The childfree by choice are often barraged with questions about their decision to opt out of the optional role of parenthood. One of the many common questions asked of the childfree is, “If you don’t have children, who will take care of you when you’re old?”
Dreaming Of The Jackpot
My husband buys a lotto ticket every few weeks and dreams of the exciting things we could do with the winnings if we hit a jackpot. There’s no guarantee we’ll ever win. If fact, the odds are not in our favor. But, for him, the joy of daydreaming is worth $10 every five weeks. And I’m okay with that level of risk.
Having children so that you have someone to take care of you when you’re old is like buying a lotto ticket. There are no guarantees. And having a kid who will actually be able and willing to care for you would be like hitting the jackpot. It’s nice to dream about. But, if you’re wise, you realize the odds are against you.
Even if a person is willing to accept the risk, considering a child as a way to hedge bets against lack of care as you age is, in my opinion, one of the most selfish reasons to have a child.
The Appalling Question
My mother was diagnosed with metastatic renal cell cancer in 2008. I was with her in her final weeks of life and held her hand as she passed away. We had some memorable heart-to-heart conversations in our last days together. One thing that surprised me was what she announced as the most difficult part of her illness.
It wasn’t the sores that covered her body from the trial drugs used in attempt to slow the cancer’s growth. It wasn’t even that her breathing was strained by fluid in her lungs.
She said the most difficult thing about her terminal illness was watching me watch her suffer and die. She loved me so very much that to see me grieve grieved her. Her heart ached because she had to witness me struggling with the reality of the situation.
Of course she appreciated my love and willingness to help care for her. She was one of the lucky ones who hit the jackpot! But my mom would never have wished upon me the anguish that came with watching her health decline and making medical decisions on her behalf.
There is no way my mother would have asked me, “Don’t you want a child so that you’ll have someone to depend on for your end-of-life care?” I believe that question would have appalled her.
Biologically Obligated Caregiver
People who would create a human life with the plan of turning that life into a biologically obligated caregiver are not thinking of the child’s best interest. They are putting their future needs ahead of the well-being of that child. This does not demonstrate the selfless, unconditional love that a parent ought to possess.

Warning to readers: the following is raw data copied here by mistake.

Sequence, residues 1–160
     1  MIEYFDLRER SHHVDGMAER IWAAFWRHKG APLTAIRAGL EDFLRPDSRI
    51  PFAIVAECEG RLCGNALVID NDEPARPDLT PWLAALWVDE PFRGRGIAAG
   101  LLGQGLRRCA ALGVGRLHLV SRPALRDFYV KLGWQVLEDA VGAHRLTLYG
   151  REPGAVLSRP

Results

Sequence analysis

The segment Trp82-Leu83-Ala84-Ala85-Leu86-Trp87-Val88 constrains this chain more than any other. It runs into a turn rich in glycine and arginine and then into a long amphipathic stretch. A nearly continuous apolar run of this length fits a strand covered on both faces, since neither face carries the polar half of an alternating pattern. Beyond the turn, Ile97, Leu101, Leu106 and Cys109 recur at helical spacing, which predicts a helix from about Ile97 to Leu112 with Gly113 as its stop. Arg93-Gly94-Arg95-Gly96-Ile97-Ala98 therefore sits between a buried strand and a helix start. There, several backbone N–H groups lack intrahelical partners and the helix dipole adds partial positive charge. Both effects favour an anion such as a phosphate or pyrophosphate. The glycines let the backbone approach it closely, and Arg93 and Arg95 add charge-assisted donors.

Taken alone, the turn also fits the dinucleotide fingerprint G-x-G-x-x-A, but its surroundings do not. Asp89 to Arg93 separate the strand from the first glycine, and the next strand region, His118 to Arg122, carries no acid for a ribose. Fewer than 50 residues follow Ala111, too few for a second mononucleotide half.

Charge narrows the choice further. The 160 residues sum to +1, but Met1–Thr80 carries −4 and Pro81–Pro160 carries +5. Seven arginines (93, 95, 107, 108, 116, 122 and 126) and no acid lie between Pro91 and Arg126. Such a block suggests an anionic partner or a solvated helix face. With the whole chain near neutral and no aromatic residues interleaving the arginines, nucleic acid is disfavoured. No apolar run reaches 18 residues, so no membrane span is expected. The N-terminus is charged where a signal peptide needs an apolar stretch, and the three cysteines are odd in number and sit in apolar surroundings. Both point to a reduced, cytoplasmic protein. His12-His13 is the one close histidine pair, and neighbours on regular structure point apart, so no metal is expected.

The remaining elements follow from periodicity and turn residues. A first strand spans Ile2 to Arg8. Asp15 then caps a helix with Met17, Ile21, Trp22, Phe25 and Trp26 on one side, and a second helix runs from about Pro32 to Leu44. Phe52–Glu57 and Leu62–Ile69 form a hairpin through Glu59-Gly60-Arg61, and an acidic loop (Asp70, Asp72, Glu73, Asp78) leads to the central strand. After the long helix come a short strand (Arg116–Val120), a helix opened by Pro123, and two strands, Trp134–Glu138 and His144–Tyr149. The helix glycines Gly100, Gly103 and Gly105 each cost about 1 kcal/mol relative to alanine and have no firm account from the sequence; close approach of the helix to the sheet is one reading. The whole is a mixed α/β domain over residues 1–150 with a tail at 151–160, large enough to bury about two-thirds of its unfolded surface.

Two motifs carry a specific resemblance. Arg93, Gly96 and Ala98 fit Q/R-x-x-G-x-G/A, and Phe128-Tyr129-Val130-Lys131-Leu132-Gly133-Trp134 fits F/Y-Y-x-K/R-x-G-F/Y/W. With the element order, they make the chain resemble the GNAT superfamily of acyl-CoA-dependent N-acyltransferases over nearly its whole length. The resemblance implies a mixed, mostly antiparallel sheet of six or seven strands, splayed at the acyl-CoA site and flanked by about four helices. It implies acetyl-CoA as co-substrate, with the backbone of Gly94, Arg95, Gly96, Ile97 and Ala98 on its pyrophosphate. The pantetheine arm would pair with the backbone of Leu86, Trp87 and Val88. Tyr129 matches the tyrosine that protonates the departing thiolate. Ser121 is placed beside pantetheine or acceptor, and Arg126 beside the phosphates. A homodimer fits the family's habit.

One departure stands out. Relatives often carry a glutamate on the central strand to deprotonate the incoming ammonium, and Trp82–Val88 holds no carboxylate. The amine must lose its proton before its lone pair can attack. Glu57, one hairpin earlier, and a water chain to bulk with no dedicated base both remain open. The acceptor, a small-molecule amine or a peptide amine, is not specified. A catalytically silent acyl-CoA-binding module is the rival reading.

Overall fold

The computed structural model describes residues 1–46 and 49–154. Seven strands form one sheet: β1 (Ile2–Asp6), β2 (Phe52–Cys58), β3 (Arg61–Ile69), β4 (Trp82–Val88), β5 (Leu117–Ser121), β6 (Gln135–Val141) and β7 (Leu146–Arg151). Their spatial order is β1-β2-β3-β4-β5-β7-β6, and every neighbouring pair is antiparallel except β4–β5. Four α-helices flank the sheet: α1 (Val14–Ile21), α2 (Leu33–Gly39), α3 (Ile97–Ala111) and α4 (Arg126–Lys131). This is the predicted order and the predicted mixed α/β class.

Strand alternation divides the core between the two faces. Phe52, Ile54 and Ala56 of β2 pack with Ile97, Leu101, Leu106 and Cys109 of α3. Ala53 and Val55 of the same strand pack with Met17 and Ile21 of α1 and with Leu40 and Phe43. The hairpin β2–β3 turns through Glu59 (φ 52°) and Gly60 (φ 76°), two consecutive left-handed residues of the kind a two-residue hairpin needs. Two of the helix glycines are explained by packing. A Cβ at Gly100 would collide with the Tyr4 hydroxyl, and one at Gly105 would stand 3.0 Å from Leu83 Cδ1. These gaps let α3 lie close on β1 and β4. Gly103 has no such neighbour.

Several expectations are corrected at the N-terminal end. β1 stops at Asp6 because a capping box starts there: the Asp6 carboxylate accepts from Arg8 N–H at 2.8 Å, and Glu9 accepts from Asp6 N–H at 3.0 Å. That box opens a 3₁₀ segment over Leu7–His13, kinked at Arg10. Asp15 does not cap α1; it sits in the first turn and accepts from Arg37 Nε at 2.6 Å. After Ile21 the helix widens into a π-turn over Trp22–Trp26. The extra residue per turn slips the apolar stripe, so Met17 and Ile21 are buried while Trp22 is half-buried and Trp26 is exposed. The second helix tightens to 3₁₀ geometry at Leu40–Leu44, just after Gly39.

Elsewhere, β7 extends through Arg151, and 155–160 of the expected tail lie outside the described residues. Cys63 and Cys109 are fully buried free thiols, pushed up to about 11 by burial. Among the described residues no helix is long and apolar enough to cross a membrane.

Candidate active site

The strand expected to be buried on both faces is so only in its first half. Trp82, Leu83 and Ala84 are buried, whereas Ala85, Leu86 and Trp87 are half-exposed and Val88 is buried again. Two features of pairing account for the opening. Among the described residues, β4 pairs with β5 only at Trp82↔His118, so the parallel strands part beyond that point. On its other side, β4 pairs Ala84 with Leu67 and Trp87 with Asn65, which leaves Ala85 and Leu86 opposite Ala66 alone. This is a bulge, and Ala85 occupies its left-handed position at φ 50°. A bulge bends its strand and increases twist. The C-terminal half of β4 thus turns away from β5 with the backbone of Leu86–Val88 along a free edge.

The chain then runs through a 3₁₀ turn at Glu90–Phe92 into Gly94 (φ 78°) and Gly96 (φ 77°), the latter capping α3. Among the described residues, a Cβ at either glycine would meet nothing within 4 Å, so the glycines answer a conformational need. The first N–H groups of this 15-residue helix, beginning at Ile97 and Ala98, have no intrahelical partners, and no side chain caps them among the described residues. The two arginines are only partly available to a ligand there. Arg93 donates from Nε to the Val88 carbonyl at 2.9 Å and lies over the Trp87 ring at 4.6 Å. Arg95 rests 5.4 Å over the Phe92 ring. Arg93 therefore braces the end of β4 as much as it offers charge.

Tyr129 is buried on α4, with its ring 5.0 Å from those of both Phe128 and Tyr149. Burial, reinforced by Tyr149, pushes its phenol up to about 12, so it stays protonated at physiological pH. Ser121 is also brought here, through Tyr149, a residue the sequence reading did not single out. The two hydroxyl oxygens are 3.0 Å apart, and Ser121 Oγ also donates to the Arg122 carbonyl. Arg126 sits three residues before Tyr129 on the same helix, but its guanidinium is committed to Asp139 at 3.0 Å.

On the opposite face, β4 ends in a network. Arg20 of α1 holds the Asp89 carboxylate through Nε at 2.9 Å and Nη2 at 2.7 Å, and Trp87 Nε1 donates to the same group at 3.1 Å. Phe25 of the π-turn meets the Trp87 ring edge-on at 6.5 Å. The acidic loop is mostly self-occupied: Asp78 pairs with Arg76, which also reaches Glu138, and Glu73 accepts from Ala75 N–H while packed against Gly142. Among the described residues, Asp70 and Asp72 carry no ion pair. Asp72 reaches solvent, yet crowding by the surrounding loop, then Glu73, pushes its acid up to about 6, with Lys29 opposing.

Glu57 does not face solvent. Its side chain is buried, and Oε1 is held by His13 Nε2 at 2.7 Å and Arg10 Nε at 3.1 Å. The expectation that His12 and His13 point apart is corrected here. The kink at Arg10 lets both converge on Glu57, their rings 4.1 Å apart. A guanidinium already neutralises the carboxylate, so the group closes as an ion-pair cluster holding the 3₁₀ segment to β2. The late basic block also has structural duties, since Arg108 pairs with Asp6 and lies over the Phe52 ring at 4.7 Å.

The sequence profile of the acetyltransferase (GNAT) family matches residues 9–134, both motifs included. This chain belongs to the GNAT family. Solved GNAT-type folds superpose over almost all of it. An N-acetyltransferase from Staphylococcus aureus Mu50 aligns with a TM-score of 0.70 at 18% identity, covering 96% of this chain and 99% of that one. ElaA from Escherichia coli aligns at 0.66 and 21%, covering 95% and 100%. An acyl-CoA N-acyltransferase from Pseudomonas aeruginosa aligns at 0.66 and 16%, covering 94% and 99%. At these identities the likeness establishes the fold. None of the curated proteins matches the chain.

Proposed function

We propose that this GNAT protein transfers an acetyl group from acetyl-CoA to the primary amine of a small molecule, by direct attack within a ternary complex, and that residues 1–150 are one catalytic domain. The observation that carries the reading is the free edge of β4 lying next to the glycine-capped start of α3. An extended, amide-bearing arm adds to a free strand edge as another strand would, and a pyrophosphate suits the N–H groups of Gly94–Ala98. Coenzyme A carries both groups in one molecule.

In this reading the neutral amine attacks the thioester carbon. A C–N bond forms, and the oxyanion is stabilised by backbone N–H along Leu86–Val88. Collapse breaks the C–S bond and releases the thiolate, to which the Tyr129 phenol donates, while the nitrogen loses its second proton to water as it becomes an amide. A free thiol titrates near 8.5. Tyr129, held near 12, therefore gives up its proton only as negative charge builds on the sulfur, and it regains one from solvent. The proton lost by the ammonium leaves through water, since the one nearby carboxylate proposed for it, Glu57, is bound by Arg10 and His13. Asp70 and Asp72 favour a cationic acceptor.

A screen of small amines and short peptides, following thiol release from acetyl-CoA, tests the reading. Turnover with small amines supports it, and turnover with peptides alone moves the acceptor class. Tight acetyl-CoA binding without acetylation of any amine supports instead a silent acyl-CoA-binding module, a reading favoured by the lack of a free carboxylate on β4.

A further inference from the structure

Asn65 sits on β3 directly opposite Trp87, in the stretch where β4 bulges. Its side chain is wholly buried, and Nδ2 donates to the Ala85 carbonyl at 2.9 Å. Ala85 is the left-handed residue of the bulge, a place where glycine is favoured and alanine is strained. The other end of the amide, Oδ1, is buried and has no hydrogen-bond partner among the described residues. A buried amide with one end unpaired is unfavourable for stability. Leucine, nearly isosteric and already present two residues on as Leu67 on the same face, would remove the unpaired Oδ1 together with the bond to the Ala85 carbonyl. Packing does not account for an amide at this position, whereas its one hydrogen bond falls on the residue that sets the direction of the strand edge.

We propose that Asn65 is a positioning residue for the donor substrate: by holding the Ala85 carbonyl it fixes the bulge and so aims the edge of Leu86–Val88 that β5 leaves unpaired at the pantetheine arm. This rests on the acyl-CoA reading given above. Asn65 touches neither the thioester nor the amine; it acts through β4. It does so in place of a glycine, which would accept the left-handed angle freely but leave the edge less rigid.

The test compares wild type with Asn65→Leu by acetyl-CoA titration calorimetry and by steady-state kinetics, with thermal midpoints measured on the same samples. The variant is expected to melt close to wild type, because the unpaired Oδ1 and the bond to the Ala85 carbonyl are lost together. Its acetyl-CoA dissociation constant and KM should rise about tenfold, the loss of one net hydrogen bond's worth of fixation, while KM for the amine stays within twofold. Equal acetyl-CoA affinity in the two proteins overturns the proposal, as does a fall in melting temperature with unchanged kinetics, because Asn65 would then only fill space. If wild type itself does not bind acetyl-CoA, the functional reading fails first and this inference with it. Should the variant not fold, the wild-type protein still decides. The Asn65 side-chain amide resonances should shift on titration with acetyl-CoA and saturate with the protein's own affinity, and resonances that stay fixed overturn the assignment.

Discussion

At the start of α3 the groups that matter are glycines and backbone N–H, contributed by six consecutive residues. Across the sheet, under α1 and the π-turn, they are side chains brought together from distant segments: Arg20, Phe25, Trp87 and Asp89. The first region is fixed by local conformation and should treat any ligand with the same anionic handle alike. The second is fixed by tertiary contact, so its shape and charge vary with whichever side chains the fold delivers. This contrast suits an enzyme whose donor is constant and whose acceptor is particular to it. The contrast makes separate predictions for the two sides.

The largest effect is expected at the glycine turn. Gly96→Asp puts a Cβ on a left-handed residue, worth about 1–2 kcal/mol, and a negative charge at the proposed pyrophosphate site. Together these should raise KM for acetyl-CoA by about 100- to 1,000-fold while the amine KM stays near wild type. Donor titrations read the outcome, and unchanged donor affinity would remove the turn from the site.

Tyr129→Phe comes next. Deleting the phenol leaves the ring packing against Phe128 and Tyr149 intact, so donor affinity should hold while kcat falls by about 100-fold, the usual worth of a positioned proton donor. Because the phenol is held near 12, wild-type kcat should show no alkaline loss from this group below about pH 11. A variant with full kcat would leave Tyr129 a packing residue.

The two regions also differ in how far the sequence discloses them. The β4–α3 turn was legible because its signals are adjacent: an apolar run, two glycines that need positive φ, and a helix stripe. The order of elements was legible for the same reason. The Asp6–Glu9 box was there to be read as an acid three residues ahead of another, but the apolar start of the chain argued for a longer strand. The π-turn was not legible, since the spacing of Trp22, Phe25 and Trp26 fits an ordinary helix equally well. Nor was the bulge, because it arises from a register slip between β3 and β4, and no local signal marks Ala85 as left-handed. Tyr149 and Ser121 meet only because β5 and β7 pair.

There are a plethora of statistics against the idyllic idea of an adult child caring for their elderly parent. One to highlight is that 34% of adult children say they are estranged from their parents.(1) And I’d venture to say that having a child intending for them to fill the role of hospice nurse would increase the odds for an estranged relationship.
But the reality is that even if an adult child has a great relationship with their parent and wants to help care for them as they age, they may likely not be able to. With deterrents such as work schedules, family responsibilities, and physical distance, only 14% of Americans actually help their aging parents with personal care.(2)
A Child Is Not The Answer
The book Who Will Take Care Of Me When I’m Old? is an excellent guide for planning to ‘safeguard your health and happiness in old age.’
Author Joy Loverde says:
“No one can afford to take it for granted that others will be there to look out for them, or that things will take care of themselves … You are the one and only person you can forever count on.”
The later years of life are not only a concern for the childless by choice or by circumstance. Parents and non-parents alike must consider and plan for the future and continue to reevaluate as circumstance evolve.
Respectfully Childfree has a closed Facebook Group of nearly 1,600 childfree members. Recently the hot button question of “Who will take care of me when I’m old?” was discussed. Even those concerned about the question at hand were realistic, certain that having a child is not the way to solve their fear of the unknown. A child is not the answer.
Close to 100 people weighed in on the conversation. Here are a handful of the comments from group members:
Insurance For The Golden Years
The uncertainty of how end-of-life will play out can plague anyone. Both parents and non-parents, those who are married and those who are single, the young and the not-so-young. But a child must not be viewed as a long-term care insurance plan. I love how Aralyn Hughes describes her awareness of and solution to this in the book Kid Me Not: An Anthology By Child-free Women Of The 60s Now In Their 60s:
“I never regarded children as some kind of insurance policy for one’s golden years … I bought long-term life insurance and wrote a will outlining my wishes after death … Through the years I’ve forged a community of many close, mostly single friends who take care of one another.”
There are many resources available for those in need of assistance as they age – from books and online discussion groups, to senior companion volunteers, to death midwives, and more. Begin or continue educating yourself now; the best quality of life depends on planning ahead.
You Can Take Care Of You
Bringing life into this world for the assurance of elder care is misguided and selfish. So, my childfree friends, the next time you’re asked, “If you don’t have children, who will take care of you when you’re old?” be confident in your reply! YOU can take care of you when you’re old … by being intentional and planning for your golden years before they arrive.
Aging is inevitable, but the vigor with which we embrace life and the aging process is up to us!